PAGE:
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Google Sets Role in Mobile Payment

Google Inc. is teaming up with MasterCard Inc. and Citigroup Inc. to embed technology in Android mobile devices that would allow consumers to make purchases by waving their smartphones in front of a small reader at the checkout counter, according to people familiar with the matter.


The Nexus S Android, which Google developed with Samsung, could make mobile payments.

The Internet giant is aiming to make mobile payments easier in a bid to boost its advertising business. The planned payment system would allow Google to offer retailers more data about their customers and help them target ads and discount offers to mobile-device users near their stores, these people said. Google isn’t expected to get a cut of the transaction fees.

The project, which is in its early stages, would allow holders of Citigroup-issued debit and credit cards to pay for purchases by activating a mobile-payment application developed for one current model and many coming models of Android phones. The idea is to turn the phones into a kind of electronic wallet.

These phone users also would be able to get targeted ads or discount offers, which Google hopes to sell to local merchants. They also could manage credit-card accounts and track spending through an application on their smartphone, the people said.

The venture also involves VeriFone Systems Inc., which makes credit-card readers for cash registers. VeriFone would roll out more so-called contact-less devices, or readers that enable consumers to pay with a wave or tap of a credit or debit card. The readers also would allow people to pay by tapping their smartphones, said the people familiar with the matter.

The credit-card readers involved all use “near field communication” technology that is already in place at thousands of merchants nationwide. Today, customers who have credit cards embedded with that technology have the option of waving a card in front of a reader, instead of using a traditional swipe method.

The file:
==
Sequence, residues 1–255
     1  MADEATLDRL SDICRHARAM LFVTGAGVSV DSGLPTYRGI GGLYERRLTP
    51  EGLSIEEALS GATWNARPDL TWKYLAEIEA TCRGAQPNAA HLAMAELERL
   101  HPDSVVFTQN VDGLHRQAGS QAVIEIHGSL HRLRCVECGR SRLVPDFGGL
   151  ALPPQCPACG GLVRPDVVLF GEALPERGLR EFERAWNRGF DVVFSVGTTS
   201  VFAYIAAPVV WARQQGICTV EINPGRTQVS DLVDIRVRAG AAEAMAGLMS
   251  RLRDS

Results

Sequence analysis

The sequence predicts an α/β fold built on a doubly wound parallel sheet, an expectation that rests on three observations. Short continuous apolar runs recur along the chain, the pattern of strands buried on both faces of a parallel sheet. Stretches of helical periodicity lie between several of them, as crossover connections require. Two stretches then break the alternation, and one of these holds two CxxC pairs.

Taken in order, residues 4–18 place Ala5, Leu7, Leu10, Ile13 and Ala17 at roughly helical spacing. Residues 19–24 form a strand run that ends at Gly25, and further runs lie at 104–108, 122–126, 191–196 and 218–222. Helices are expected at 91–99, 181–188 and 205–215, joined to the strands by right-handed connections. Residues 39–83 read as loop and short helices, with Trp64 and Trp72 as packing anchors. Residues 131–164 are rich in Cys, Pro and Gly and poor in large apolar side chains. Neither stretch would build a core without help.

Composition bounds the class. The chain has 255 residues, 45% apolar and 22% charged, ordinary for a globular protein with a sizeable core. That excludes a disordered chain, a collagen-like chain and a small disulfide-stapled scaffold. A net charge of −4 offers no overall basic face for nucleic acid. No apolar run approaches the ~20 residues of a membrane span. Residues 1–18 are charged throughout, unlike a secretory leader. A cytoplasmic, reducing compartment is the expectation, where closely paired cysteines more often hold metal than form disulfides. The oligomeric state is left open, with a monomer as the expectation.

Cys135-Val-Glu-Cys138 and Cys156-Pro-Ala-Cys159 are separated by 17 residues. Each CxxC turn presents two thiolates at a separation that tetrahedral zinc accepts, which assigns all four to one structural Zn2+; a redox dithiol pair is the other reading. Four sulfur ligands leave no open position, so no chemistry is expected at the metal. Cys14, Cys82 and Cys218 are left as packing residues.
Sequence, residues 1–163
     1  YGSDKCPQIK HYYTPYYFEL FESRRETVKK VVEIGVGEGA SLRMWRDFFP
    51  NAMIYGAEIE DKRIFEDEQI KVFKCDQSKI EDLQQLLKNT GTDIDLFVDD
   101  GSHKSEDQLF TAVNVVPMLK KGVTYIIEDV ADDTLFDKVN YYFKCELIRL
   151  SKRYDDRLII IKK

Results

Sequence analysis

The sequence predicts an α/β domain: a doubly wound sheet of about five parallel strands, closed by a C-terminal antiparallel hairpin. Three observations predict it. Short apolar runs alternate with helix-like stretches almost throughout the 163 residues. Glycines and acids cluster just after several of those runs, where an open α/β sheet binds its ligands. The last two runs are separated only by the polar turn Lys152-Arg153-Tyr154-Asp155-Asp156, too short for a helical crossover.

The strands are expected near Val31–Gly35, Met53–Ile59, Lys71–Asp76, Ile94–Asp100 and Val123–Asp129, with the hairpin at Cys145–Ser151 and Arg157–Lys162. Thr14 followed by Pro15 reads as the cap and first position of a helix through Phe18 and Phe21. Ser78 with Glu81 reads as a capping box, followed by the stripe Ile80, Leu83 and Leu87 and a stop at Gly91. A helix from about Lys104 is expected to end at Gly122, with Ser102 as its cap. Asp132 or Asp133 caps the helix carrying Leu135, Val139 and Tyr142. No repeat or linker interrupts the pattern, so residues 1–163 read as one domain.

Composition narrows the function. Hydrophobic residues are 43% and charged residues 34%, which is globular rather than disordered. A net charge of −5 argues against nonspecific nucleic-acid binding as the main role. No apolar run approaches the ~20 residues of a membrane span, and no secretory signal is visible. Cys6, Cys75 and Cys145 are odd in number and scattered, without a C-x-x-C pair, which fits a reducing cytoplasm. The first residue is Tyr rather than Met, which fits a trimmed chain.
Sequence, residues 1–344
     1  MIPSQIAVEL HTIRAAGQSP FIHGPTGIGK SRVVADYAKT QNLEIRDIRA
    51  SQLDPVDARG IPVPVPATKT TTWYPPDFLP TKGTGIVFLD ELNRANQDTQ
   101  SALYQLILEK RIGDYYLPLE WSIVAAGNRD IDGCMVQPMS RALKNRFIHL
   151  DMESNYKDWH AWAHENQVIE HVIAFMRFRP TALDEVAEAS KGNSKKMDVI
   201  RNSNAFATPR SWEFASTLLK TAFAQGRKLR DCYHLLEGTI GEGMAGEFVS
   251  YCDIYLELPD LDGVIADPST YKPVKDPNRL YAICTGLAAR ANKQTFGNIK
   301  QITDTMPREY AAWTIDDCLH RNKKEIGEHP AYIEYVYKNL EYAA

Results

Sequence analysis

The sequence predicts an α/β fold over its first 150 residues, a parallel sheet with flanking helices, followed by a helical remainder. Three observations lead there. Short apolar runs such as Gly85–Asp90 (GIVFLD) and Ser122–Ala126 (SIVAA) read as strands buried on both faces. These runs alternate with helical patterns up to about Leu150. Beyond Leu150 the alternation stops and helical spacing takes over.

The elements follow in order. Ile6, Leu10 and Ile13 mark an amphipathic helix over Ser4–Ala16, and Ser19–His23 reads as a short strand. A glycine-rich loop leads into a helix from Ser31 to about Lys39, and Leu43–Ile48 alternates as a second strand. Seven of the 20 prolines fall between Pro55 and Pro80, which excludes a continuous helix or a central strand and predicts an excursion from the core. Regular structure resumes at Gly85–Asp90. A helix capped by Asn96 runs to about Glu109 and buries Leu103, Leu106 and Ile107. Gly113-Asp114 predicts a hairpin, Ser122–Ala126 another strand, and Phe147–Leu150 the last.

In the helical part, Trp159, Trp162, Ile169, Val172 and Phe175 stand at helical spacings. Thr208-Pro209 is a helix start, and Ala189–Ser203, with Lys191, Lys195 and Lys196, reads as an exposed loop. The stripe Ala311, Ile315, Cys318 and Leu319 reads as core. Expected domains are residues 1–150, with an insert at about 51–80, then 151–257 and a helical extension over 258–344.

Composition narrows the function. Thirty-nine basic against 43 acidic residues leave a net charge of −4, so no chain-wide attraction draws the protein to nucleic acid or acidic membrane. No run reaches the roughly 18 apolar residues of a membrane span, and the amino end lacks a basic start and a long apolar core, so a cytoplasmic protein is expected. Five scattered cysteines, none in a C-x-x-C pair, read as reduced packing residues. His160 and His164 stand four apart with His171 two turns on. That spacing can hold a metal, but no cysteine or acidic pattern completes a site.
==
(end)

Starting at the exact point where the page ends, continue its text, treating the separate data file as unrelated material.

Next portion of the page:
Google’s Android mobile-device software, which powers hundreds of different devices, supports this technology.

The planned payment system would be unlikely to put consumers at any greater financial risks. As with conventional credit-card transactions, the card companies would cover the cost of unauthorized purchases. Nor is the NFC technology itself particularly vulnerable.

“Because it’s contact-less there’s a perception people can grab it from thin air, but it’s actually a more sophisticated technology than credit cards with a magnetic stripe, making it more difficult to steal a consumer’s payment information,” said Nick Holland, a mobile-transactions analyst at Yankee Group.

The Google-backed system, which is expected to be released this year, marks the latest effort to broaden the uses of smartphones for everyday activities—from chatting to emailing to shopping. The telecom, technology and financial-services industries all are looking for strategies to make them leaders in the evolving business of getting consumers to pay for products with their phones. Offering that option could allow device makers such as Apple Inc. to sell more of their phones.

Wireless carriers Verizon Wireless—a venture of Vodafone Group PLC and Verizon Communications Inc.—AT&T Inc. and T-Mobile USA said last fall that they would team up on a venture, dubbed Isis, to enable customers to pay for goods with their smartphones. Discover Financial Services Inc. will process those payments, potentially eliminating the need to carry cash, credit and debit cards, reward cards and transit passes.